Teshamae S. Monteith, MD, assistant professor of clinical neurology and chief of the Headache Division at the University of Miami’s Miller School of Medicine, and colleagues published their findings online July 22 in Neurology.
Among the over 1,200 participants older than 40 years (mean age, 68 years), including 20% with migraine, there was no overall relationship between migraine (with or without aura) and stroke or other vascular events at an average of 11 years’ follow-up. However, among the 198 current smokers, the 18% with migraine had a 3-fold increased risk of stroke.
“We found a relationship with migraine and traditional vascular factors but also expected to see an association between migraine and stroke/cardiovascular events,” Dr. Monteith told Medscape Medical News.
She said further work is needed to determine the biological mechanisms underlying the increased risk for stroke in patients with migraine who smoke. But in the meantime, “Already, migraine is associated with increased vascular risk factors. Migraineurs should be aware that they place themselves at a greater risk for stroke and combined vascular events if they smoke. It is never too late to quit smoking.”
Thomas N. Ward, MD, professor of neurology at the Geisel School of Medicine, Dartmouth College, Lebanon, New Hampshire said that the study “does confirm that smoking and migraine is a bad combination, and already known to be even worse if the patient is taking exogenous estrogen.”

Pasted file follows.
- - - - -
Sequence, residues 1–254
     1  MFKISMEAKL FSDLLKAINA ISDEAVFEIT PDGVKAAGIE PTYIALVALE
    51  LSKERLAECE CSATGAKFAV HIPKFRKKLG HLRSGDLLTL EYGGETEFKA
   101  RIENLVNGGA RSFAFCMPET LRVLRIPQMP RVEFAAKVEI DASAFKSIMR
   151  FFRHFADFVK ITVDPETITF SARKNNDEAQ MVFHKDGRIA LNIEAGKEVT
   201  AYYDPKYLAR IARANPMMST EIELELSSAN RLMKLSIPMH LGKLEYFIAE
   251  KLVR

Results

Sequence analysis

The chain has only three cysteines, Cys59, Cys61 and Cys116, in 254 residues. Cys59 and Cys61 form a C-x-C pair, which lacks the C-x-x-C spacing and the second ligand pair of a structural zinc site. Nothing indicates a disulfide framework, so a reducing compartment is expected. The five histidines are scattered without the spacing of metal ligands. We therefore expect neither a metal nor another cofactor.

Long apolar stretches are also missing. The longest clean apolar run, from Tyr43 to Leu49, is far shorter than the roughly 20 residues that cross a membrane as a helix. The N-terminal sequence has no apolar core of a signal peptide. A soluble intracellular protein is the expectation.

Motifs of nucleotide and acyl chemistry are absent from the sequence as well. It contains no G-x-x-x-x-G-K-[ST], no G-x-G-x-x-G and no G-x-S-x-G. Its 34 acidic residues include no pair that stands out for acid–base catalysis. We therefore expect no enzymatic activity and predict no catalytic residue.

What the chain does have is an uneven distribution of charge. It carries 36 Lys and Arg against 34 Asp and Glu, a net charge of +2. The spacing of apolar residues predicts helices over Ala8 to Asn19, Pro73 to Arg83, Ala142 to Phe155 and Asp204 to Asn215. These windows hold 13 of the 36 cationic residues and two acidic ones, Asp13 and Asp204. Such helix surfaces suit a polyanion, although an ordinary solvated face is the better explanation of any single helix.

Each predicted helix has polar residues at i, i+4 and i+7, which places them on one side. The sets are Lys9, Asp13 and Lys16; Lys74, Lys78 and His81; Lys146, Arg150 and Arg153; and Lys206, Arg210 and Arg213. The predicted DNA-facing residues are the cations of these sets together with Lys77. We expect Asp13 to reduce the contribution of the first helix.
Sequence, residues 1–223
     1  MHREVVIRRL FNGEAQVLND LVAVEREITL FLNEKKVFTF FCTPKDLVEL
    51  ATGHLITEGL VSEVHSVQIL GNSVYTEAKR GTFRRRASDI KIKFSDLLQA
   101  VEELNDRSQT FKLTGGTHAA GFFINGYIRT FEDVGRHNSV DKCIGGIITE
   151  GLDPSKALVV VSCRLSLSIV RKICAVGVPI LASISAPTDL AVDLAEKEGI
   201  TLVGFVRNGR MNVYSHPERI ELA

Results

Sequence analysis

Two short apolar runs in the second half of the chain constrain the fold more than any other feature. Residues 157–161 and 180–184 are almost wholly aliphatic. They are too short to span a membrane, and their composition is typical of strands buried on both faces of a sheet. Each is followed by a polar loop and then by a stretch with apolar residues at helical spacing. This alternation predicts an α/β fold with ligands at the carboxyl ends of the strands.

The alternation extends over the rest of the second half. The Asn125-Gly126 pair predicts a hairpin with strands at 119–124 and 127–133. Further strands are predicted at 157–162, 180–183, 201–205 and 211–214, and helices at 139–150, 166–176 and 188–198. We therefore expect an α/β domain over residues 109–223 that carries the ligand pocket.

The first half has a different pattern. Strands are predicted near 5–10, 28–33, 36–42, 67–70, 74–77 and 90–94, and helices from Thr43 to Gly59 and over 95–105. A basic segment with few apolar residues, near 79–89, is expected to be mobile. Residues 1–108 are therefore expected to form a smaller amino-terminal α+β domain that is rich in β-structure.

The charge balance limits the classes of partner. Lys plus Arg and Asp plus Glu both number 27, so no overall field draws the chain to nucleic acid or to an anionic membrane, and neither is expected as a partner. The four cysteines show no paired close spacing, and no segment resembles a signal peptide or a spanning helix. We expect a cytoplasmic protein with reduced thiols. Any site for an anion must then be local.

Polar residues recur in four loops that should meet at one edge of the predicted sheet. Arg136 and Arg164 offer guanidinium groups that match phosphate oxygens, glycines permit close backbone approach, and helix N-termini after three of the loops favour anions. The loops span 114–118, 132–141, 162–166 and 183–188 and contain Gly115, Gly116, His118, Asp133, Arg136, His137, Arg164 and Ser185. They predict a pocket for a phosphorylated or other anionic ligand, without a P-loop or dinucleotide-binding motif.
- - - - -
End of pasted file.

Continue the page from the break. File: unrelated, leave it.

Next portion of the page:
As for the lack of overall relationship between migraine and stroke, Dr. Ward said, “Compared to some of the other studies relating stroke and heart attack risk to migraine this was a relatively small study with an older population. It therefore may not have been able to detect the abnormality where some of the very large studies may have found the presumably smaller signal.”
The hazard ratios for stroke for migraine vs no migraine were 3.17 among current smokers, 0.87 in former smokers and 0.49 in those who never smoked (after controlling for socioeconomic and vascular risk factors). For combined vascular events, the hazard ratios for migraine vs no migraine were 1.83 among current smokers and 0.63 among current nonsmokers.
“Interestingly, our cohort of nonsmokers with migraines appeared to have fewer vascular events. It was not clear if this was a consequence of healthier lifestyles of nonsmoking migraine subjects or due to reporting biases,” Dr. Monteith told Medscape Medical News.
Previous studies have shown that migraineurs are more likely to smoke but less likely to drink alcohol than nonmigraineurs, Dr. Ward pointed out.
“The authors in this study do a nice job of addressing the limitations of their study and perhaps why the findings are a big different,” he said.
This study was funded by the National Institute of Neurological Disorders and Stroke.
Medscape Medical News July 30, 2015